I have tried to do so. I have read your letter several times and I’ve got to admit it doesn’t seem to mean much. I don’t know what you are driving at or understand what you expect or hope me to do about it. Now this may be pig-headed but it isn’t sore. I may be wrong but all I can get out of it is that you think I’d be a good writer if I were an altogether different writer from the writer that I am.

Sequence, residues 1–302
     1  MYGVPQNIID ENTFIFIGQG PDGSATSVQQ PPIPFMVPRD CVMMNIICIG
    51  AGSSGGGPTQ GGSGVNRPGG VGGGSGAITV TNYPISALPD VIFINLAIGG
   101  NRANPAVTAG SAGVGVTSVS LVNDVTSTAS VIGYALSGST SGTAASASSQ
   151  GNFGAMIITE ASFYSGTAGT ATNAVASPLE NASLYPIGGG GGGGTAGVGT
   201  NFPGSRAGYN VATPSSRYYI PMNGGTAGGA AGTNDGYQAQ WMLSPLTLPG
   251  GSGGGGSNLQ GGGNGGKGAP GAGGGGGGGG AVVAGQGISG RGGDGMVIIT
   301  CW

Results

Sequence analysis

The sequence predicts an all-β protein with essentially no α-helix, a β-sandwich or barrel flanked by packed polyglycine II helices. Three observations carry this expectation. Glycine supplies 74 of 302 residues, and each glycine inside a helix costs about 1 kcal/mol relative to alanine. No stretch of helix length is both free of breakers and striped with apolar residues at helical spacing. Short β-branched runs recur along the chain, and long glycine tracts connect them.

This may be true but I don’t see what I’m going to do about it. And I don’t think you can show me and I don’t see what Flaubert and Zola have to do with it, or what I have to do with them. I wonder if you really think they have anything to do with it, or if this is just something you heard in college or read in a book somewhere. This either—or kind of criticism seems to me to be so meaningless. It looks so knowing and imposing but there is nothing in it. Why does it follow that if a man writes a book that is not like Madame Bovary it is inevitably like Zola. I may be dumb but I can’t see this. You say that Madame Bovary becomes eternal while Zola already rocks with age. Well this may be true—but if it is true isn’t it true because Madame Bovary may be a great book and those that Zola wrote may not be great ones? Wouldn’t it also be true to say that Don Quixote or Pickwick or Tristram Shandy “become eternal” while already Mr. Galsworthy “rocks with age.” I think it is true to say this and it doesn’t leave much of your argument, does it? For your argument is based simply upon one way, upon one method instead of another. And have you ever noticed how often it turns out that what a man is really doing is simply rationalizing his own way of doing something, the way he has to do it, the way given him by his talent and his nature, into the only inevitable and right way of doing everything—a sort of classic and eternal art form handed down by Apollo from Olympus without which and beyond which there is nothing. Now you have your way of doing something and I have mine, there are a lot of ways, but you are honestly mistaken in thinking that there is a “way.” I suppose I would agree with you in what you say about “the novel of selected incident” so far as it means anything. I say so far as it means anything because every novel, of course, is a novel of selected incident. There are no novels of unselected incident. You couldn’t write about the inside of a telephone booth without selecting. You could fill a novel of a thousand pages with a description of a single room and yet your incidents would be selected. And I have mentioned Don Quixote and Pickwick and The Brothers Karamazov and Tristram Shandy to you in contrast to The Silver Spoon or The White Monkey as examples of books that have become “immortal” and that boil and pour. Just remember that although Madame Bovary in your opinion may be a great book, Tristram Shandy is indubitably a great book, and that it is great for quite different reasons. It is great because it boils and pours—for the unselected quality of its selection. You say that the great writer like Flaubert has consciously left out the stuff that Bill or Joe will come along presently and put in. Well, don’t forget, Scott, that a great writer is not only a leaver-outer but also a putter-inner, and that Shakespeare and Cervantes and Dostoevsky were great putter-inners—greater putter-inners, in fact, than taker-outers and will be remembered for what they put in—remembered, I venture to say, as long as Monsieur Flaubert will be remembered for what he left out.